Jeff Kagan and Paige Doughty are likely not one of the more well-known names in the world of children’s music. Interestingly enough the husband and wife duo is nothing new to that realm. Kagan has two solo albums. And the pair together has released two full length studio recordings, all of which have been released without the help of any of the major kindie rock labels out there. And the couple hasn’t stopped there. Last Friday, the duo released its third full-length studio recording Mighty Wolf. Named apparently after the couple’s infant son, Mighty Wolf continues the couple’s long-running tradition of mixing that musical and educational content that it has used in each of its previous recordings. This includes Kagan’s own solo recordings. Even within the context of the album’s musical content, Kagan and Doughty don’t even to one style. That is just one way in which this latest recording stands out. The previously mentioned lyrical content is another important element to consider in this album. Just as the couple mixes things up with the album’s musical content, so does it do with the album’s lyrical content, too. There is a lesson about ecology and a much larger elementary level biology lesson spread across the album’s twenty-three total tracks. Speaking of those tracks, the album’s sequenncing rounds out its most notable elements. While Mighty Wolf consists of twenty-three total tracks, only about half of the presented tracks are actually songs. The other thirteen tracks are set-ups for the the featured songs. The sequencing of all twenty-three songs maintains the album’s fluidity and in turn will keep parents, educators, and children alike fully engaged. That is not to say that the album’s musical and lyrical content won’t keep listeners engaged. As a matter of fact, both elements partnered with the album’s sequencing make the album in whole just as much of a good introduction to Jeff and Paige for new audiences as it is a re-introduction to the couple for those that are more familiar with the pair’s body of work.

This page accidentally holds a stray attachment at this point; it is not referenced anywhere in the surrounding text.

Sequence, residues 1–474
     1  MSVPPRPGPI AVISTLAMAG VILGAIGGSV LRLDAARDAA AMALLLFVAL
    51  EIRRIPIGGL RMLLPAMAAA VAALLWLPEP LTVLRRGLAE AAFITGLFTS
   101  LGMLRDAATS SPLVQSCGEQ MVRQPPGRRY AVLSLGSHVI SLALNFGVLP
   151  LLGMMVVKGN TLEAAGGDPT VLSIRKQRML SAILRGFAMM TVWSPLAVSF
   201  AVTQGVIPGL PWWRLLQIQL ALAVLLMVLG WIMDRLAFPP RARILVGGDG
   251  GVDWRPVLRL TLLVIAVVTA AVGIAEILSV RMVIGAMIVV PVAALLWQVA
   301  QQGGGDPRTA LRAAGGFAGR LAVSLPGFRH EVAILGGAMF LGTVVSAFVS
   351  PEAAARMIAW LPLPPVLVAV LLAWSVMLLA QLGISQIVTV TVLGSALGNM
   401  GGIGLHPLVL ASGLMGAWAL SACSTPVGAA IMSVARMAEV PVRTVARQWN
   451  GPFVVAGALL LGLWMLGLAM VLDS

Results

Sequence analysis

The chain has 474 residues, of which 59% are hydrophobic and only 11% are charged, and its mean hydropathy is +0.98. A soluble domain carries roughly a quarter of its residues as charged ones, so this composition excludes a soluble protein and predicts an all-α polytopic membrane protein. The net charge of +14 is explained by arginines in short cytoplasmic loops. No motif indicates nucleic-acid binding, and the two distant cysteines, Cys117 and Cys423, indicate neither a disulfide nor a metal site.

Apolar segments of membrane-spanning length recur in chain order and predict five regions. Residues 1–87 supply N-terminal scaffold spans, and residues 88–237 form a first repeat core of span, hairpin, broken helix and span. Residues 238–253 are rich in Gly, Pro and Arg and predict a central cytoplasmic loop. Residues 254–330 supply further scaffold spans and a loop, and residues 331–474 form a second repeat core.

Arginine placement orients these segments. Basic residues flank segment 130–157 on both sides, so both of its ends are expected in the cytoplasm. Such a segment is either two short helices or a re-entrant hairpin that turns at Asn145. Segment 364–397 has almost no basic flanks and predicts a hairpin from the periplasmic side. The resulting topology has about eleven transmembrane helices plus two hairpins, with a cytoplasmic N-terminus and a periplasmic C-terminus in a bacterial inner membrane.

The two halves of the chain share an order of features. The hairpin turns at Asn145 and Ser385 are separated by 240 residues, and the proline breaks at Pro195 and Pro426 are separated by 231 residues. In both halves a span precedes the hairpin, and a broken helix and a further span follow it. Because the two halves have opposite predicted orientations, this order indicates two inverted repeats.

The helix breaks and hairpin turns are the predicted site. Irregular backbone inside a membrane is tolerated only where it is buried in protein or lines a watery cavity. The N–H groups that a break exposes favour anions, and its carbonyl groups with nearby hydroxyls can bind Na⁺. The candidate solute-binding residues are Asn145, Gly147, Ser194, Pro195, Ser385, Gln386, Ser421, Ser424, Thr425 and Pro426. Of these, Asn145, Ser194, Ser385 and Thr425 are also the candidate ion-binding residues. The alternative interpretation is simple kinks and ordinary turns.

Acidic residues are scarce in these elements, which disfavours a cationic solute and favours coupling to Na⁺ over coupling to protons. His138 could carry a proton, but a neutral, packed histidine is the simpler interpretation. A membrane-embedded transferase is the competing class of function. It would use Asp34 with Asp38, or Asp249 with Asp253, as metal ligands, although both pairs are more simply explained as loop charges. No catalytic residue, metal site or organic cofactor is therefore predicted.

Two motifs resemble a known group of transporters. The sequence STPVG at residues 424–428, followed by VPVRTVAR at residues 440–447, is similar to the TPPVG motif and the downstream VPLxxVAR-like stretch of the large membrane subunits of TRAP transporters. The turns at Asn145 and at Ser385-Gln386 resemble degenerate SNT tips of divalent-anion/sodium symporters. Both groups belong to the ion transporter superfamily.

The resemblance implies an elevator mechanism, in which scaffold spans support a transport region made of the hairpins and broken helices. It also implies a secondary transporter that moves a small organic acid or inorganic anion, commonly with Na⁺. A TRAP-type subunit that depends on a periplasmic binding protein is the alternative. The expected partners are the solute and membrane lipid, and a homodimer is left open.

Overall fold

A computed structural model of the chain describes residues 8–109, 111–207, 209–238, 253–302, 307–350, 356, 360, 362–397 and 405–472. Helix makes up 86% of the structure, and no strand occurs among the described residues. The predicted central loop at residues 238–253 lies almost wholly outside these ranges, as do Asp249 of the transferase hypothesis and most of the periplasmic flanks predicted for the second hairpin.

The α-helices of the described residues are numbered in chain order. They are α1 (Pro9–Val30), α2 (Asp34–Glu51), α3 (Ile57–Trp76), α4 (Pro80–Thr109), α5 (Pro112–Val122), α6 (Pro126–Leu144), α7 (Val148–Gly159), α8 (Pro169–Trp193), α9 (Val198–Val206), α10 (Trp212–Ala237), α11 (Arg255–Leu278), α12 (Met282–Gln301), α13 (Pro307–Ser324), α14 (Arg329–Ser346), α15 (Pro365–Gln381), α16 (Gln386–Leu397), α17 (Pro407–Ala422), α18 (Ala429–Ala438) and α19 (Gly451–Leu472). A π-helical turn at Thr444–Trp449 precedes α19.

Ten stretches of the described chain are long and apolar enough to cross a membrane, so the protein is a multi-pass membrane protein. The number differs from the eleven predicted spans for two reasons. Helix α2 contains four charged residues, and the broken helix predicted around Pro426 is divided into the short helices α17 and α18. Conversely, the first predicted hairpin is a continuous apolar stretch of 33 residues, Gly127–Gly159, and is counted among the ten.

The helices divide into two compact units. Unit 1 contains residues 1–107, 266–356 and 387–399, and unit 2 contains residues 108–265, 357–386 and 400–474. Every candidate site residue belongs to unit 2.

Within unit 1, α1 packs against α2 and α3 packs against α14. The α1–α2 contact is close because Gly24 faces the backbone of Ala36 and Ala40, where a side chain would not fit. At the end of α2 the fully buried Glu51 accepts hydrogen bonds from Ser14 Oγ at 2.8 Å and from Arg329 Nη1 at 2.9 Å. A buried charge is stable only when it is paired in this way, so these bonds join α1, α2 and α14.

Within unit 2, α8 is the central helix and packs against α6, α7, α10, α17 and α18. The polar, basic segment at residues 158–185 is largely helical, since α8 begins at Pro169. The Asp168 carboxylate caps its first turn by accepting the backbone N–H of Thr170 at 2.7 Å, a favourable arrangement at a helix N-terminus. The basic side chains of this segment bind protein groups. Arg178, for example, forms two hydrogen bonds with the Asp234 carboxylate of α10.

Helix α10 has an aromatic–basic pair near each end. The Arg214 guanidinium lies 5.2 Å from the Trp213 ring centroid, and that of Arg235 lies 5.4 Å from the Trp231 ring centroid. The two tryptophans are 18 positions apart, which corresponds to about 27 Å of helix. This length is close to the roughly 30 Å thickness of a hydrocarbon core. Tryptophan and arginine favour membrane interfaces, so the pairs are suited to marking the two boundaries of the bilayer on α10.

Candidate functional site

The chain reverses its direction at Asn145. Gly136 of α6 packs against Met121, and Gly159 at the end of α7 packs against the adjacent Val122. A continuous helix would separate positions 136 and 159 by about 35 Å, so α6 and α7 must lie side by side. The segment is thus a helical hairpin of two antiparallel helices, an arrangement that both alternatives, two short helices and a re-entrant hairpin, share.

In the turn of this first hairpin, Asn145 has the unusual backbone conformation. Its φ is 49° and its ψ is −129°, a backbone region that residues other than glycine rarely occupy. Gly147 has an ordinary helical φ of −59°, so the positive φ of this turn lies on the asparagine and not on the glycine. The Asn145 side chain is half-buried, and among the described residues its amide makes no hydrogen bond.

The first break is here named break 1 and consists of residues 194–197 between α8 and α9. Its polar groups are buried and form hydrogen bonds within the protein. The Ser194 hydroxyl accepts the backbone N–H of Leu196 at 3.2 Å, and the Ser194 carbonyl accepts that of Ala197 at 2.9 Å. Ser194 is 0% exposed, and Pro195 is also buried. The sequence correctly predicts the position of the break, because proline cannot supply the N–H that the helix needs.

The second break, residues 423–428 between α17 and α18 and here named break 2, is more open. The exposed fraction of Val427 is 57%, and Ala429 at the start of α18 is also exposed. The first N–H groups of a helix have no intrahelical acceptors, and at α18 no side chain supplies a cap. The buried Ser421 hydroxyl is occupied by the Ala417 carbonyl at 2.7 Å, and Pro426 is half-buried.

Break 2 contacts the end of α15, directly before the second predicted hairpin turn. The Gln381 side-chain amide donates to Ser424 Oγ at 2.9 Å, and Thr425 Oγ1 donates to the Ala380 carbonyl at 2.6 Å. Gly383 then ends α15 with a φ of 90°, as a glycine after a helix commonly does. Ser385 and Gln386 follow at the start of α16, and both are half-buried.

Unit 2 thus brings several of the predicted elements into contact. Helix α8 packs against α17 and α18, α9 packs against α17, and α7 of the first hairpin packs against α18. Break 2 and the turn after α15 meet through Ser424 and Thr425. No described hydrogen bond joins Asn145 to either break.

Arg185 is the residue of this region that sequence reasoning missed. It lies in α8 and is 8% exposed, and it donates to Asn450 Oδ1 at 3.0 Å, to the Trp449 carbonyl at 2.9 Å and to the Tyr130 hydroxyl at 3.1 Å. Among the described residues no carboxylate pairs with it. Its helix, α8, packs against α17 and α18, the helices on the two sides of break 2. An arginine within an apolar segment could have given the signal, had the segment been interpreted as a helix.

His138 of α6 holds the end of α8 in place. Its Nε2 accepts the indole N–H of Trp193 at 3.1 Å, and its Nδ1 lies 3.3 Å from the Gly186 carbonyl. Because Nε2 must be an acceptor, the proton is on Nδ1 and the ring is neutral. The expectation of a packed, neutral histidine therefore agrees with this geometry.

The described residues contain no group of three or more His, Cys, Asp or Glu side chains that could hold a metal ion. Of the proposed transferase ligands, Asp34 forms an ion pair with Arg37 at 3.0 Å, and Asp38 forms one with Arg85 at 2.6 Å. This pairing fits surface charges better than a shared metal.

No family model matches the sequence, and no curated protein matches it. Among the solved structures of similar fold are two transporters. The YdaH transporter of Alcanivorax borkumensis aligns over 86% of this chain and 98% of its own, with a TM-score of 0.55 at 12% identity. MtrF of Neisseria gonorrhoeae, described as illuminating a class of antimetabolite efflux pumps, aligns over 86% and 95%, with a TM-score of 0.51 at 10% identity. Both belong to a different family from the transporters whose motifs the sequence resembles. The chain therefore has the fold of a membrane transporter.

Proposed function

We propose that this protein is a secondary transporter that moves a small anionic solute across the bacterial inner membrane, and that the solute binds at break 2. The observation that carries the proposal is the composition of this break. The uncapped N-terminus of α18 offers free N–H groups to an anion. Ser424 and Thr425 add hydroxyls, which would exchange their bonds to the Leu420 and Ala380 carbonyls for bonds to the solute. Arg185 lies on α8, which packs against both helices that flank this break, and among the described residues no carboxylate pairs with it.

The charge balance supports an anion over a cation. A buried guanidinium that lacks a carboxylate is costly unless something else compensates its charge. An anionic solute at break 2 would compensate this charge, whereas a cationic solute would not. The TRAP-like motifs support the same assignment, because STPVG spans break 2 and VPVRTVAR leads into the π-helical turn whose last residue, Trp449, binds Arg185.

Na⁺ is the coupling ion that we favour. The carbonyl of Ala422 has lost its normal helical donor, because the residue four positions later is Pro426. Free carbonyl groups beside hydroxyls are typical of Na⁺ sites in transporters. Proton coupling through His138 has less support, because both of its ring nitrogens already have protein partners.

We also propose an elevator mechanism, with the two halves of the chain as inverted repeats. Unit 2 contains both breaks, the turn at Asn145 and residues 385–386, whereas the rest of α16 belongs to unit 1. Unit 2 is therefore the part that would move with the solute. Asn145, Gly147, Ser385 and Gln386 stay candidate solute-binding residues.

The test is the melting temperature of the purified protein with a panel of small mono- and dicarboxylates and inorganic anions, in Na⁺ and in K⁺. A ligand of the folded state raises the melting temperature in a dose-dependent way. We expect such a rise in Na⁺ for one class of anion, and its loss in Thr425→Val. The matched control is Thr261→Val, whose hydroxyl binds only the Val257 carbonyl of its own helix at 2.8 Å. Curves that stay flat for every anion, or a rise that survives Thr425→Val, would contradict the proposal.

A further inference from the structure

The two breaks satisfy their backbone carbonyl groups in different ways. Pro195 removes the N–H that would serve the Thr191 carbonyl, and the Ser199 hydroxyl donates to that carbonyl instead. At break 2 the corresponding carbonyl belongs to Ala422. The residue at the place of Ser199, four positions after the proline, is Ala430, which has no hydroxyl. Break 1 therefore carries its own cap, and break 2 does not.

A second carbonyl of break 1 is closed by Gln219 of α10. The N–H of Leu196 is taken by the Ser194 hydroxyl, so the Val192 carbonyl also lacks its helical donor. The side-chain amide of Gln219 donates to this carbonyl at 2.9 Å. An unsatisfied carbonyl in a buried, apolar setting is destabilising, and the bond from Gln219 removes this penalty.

Jeff and Paige’s latest full-length studio recording is a good re-introduction for those that are familiar with the couple’s music. For those that might not be so familiar with the duo’s music on the other hand, it is just as good of an introduction. That is because its mix of musical and lyrical content is similar to that of its previous recordings. The musical content displayed in this record is especially worth the note because on that more macro level, the duo even mixes up the sounds exhibited throughout the course of the record. Early on in the album’s run, Kagan and Doughty present a light kindie rock/pop sound in ‘Triple Rainbow.’ This song isn’t the only instance in which that sound is exhibited. ‘Black Widow,’ ‘Beaver,’ and ‘Dead and Delicious’ each have their own original kindie rock/pop sound that stands out from the other noted songs. ‘Dead and Delicious’ offers something of a blues-influenced sound while ‘Beaver’ has more of a light rock influence a la Dave Matthews Band and others of that ilk. ‘Triple Rainbow’ on the other hand has more of a pure acoustic rock sound. These are just a few of the album’s songs that boast a rock sound. ‘Lightning’ also boasts its own kindie rock sound. As if that isn’t enough for listeners, Kagan and Doughty don’t stick to just a variety of kindie rock sounds throughout their new record. There are also Country/Americana variants presented throughout other featured tracks. Those tracks include: ‘Grandma Gatewood,’ ‘That’s Not The Way,’ ‘Aphid Banquet For Two’ and the album’s closer ‘The Great Monarch Migration.’ The couple even included a poppy sound in ‘The Arctic’s Freezing’ and ‘Ungulate.’ The fact that this album boasts such a myriad of musical stylings from beginning to end (and that there are no defined parameters in the transition from one genre to another) is a big plus for the album in whole. It is just one part of what makes this record worth hearing regardless of listeners’ familiarity with Jeff and Paige. The different lyrical topics (and the topics within those topics) adds even more interest to the album.